Galactic cosmic rays in the outer heliosphere: theory and models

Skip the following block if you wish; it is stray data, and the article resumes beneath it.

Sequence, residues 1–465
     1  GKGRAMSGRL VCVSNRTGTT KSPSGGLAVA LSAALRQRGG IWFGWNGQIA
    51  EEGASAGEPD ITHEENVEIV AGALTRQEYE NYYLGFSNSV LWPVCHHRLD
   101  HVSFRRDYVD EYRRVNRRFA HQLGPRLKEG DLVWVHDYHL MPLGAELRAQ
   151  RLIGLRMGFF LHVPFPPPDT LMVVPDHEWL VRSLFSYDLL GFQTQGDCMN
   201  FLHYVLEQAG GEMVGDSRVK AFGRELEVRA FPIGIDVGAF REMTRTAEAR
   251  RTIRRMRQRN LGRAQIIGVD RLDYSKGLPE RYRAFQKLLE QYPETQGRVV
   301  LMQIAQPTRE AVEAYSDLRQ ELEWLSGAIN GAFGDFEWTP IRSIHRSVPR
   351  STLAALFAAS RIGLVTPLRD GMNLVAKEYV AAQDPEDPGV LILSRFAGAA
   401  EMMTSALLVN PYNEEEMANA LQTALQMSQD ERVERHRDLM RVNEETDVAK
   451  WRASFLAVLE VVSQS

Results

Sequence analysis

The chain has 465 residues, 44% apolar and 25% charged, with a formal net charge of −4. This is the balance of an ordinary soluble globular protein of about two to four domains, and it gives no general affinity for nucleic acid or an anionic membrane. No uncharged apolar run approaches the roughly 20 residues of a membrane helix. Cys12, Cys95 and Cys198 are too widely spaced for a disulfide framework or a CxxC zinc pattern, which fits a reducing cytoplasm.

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We review recent advances in the field of galactic cosmic ray transport in the distant heliosphere. The advent of globalMHD models brought about a better understanding of the three-dimensional structure of the interface between the solar system and the surrounding interstellar space, and of the magnetic field topology in the outer heliosphere. These results stimulated a development of galactic cosmic ray transport models taking the advantage of the available detailed plasma backgrounds and of the new Voyager results from the heliosheath. It emerges that the heliosheath plays a prominent role in the process of modulation and filtration of low-energy galactic ions and electrons. The heliosheath stores particles for a duration of several years thus acting as a large reservoir of galactic cosmic rays. Cosmic-ray trajectories, transit times, and entry locations across the heliopause are discussed. When compared to observations model calculations of low energy electrons show almost no radial gradient up to the termination shock, irrespective of solar activity, but a large gradient in the inner heliosheath. Intensities are however sensitive to heliospheric conditions such as the location of the heliopause and shock. In contrast, high energy proton observations by both the Voyager spacecraft show a clear solar cycle dependence with intensities also increasing with increasing distance. By comparing these observations to model calculations we can establish whether our current understanding of long-term modulation result in computed intensities compatible to observations.